A new report investigating the state of social care through the eyes of individuals and families reveals a system struggling to cope. The Real Lives report, published by the Richmond Group of Charities in partnership with the British Red Cross and the Royal Voluntary Society, sets out the real life experience of seven individuals and families using social care services today.
The report concludes: 'Six consecutive years of budget reductions to publicly-funded care, increasing demand, increasingly acute levels of need, workforce pressures, provider failure and market exit are all converging to create the perfect storm. The net effect of these pressures is now clear: social care in its current form is not sustainable and requires both immediate investment and long-term reform to prevent crisis and meet the aspirations of the Care Act 2014.'
The Real lives report tells the human stories behind a major report, Social care for older people: Home truths, published by the King's Fund and Nuffield Trust. The Richmond Group of Charities and their partners commissioned the King’s Fund and Nuffield Trust to produce and write Real Lives as a companion report to shows just what this really means for the lives of the people who rely on the social care system to get by.
These include difficulties accessing high-quality care when councils are raising eligibility criteria and increasing fees and charges, and the strain this places on individuals and carers who can end up feeling like they are battling the system. A lack of support for family carers who are not necessarily receiving the help they need or are entitled to under the 2014 Care Act. In addition, care packages that are not personalised to the aspirations and needs of individuals.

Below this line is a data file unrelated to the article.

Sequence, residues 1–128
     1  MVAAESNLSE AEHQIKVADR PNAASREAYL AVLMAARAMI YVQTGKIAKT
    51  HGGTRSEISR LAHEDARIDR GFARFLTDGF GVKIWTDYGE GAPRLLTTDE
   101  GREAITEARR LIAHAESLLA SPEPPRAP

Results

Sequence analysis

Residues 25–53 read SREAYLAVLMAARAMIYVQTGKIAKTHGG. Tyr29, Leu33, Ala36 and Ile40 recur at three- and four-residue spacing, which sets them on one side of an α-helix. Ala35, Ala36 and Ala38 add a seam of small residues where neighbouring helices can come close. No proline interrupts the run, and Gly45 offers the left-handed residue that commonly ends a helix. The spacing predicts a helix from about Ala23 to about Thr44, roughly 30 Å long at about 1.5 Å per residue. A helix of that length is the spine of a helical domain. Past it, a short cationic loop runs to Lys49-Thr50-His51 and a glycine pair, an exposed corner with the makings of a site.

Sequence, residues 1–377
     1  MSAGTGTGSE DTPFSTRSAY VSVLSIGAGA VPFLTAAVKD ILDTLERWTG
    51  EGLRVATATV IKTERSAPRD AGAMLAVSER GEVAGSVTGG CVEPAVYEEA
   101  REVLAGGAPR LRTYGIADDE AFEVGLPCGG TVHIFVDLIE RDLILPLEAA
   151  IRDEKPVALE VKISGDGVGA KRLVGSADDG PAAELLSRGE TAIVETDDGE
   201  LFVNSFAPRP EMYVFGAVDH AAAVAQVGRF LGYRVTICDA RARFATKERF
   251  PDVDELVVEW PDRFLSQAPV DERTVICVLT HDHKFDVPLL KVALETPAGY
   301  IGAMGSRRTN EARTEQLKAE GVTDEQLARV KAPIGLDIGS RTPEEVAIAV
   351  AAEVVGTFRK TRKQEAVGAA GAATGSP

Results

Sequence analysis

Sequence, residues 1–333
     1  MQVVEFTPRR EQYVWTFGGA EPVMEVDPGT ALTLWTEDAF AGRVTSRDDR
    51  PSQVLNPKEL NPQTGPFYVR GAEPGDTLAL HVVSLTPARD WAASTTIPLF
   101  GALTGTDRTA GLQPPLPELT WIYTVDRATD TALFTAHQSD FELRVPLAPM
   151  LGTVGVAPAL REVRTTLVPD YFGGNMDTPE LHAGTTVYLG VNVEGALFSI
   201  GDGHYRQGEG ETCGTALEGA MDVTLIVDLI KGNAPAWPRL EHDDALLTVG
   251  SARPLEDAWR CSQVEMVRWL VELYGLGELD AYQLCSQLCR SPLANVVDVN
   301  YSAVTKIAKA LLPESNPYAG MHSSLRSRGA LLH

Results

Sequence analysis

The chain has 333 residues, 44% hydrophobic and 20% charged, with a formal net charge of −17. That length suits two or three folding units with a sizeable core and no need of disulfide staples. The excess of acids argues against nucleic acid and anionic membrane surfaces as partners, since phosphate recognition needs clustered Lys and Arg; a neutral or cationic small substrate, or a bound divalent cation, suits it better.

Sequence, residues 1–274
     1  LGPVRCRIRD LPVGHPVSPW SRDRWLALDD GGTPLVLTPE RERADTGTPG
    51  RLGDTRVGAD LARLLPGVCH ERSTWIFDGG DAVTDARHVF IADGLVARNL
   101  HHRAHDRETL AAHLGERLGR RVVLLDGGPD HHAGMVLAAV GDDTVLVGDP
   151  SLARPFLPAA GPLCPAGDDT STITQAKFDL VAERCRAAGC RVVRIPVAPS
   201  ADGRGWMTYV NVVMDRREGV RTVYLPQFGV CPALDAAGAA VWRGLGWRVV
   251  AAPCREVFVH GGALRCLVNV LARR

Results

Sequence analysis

Tom Wright, CEO of Age UK and Chair of the Richmond Group said: 'It's when you see how serious the impact is on real people's lives that the true nature of the social care crisis hits home. We have become so used to headlines about problems like the large numbers of care businesses closing that it is easy to forget that it is hundreds and thousands of older and disabled people and their families who ultimately pay the price - together of course with the care staff who do vitally important work for pretty low pay.'